If you are like me, you hate building administration panels. They either take the same length of development, or more, compared to the actual application. On top of that, you end up re-building an admin interface for every application. So... much... effort... I'm just too lazy. Out of 3 personal applications that I have running live, none of them have an admin interface (Yay for raw MySQL!). I think it's about time I solve this problem by creating an all-purpose CRUD plugin that can be dropped into any application. I looked around at other plugins, but none of them offered what I wanted; even CakePHP scaffolding, BrowniePHP and Croogo fell short. I only had 3 hard requirements:
- No manual installation (creating controllers, views, etc)
- CRUD mapping for every model (including plugins)
- ACL, authentication and authorization
So with no viable option, I went ahead and built this plugin over the past week, aptly named Admin. The plugin meets all the requirements I listed above and then some. Let me take you on a wonderful tour of its features and functionality. In my quick little demonstration, I will be using a test application that also uses the Forum and Tournament plugins that I wrote.
Everyone loves dashboards
To keep things simple, I tried not to clutter the layout. The design and layout implement Twitter Bootstrap, along with its responsive styles and jQuery components.
The admin dashboard and navigation simply list out all enabled plugins and their models. Models need to be installed from the shell before CRUD can be enabled. If a model is not installed, a red warning will appear and exceptions will be thrown when trying to navigate around.
The index of every model will list out and paginate all records (duh). The records will also fetch and display belongsTo fields by utilizing the models display fields and primary keys. If your models inherit Utility.Enumerable, their values will seamlessly be replaced by their enumerable equivalent (the same applies to forms).
CRUD is the staple of any admin
Wouldn't you agree? That's why the plugin supports moderate CRUD functionality for all models, including plugins, right of the box (not really, but requires minor installation). No controllers are needed as every model is URL routed and mapped allowing quick development. The system relies heavily on a models property definitions (display field, primary keys, associations, database schema, etc) to generate and provide strict functionality. CRUD also makes use of ACL allowing users and groups specific access.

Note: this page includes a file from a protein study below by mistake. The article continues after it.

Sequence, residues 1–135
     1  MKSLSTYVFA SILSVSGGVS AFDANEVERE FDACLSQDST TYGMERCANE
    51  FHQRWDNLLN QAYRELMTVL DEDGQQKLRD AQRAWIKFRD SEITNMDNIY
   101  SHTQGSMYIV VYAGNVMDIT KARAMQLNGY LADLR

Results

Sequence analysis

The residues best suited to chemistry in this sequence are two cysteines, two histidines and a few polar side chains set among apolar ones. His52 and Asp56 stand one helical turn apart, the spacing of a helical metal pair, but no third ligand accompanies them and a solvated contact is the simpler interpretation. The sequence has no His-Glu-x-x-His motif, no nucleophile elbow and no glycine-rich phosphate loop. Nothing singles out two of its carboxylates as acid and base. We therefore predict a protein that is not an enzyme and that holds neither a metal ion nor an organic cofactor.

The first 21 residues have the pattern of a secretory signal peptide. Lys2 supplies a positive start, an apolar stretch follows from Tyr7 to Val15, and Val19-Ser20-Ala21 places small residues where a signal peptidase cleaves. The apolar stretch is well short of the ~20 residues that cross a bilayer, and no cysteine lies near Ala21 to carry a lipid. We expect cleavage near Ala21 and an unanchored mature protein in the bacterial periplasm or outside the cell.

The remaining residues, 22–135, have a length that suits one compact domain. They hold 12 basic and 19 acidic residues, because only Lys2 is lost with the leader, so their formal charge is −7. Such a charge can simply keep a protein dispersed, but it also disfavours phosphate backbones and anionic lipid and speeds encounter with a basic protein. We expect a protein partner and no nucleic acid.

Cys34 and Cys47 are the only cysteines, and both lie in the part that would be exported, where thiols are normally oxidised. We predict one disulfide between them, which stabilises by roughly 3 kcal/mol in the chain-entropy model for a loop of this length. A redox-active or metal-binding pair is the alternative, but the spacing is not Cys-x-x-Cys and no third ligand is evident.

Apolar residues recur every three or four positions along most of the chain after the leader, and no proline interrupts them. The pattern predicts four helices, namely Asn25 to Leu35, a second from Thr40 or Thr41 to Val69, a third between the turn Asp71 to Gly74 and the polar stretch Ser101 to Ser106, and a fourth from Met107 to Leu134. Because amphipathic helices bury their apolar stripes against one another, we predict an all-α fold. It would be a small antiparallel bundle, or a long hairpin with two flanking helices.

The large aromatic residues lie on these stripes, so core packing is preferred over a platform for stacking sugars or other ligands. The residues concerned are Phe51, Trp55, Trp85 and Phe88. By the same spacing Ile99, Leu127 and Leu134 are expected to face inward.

The create and update pages work in a similar fashion. Every form has functionality derived from the models validation rules, database schema and associations. This allows for input fields to set requirements, null checks and more. Any belongsTo field is represented as a drop down list or a type ahead field (depending on how many records exist in the database). Forms also provide minor support for hasAndBelongsToMany relations.
The read page provides an overview of a record including full associated data. Be careful as this page will pull in all data unless limits and conditions are placed.
And finally the delete page, which provides a confirmation of deletion (because everyone hates accidental deletions). The confirmation also displays a nested list of dependent associated records that will also be deleted.
Access control lists, really?
No one ever uses the ACL system, why? Because it's complicated and hard to learn. I would always steer away from using CakePHP's ACL, but after diving into it, I must say that it is very powerful if used right (and here's to hoping I am). The ACL supports AROs (basically users, groups and roles), ACOs (objects to administer) and permissions (CRUD access). The plugin makes heavy use of defining ACOs for every model and setting up ARO permissions to enable or disable CRUD functionality.
The plugin also generates an ACL matrix which displays an overview of CRUD permissions for AROs (vertical columns) and ACOs (horizontal columns). Each of the 4 boxes represent an action: create, read, update and delete. Each color represents permission: green has access, red does not, while blue inherits from parent.
To integrate ACL into the admin plugin, custom models were created. They are
RequestObject (extends Aro),
ControlObject (extends Aco) and
ObjectPermission (extends Permission).
This looks outstanding, what else is down the pipeline?
Since this is a very early alpha preview, much more will come of this plugin. Since the features are too awesome to describe, I will just list a few.
- Custom icons for each model/plugin
- Overrides for controller and view CRUD
- Filtering and searching
- Improved support for behaviors like Tree
- Logging of administrator actions
I would really love some feedback and suggestions on this. Do note that since this is in alpha, the plugin is not production ready, and as such should be installed using a dev minimum-stability in Composer.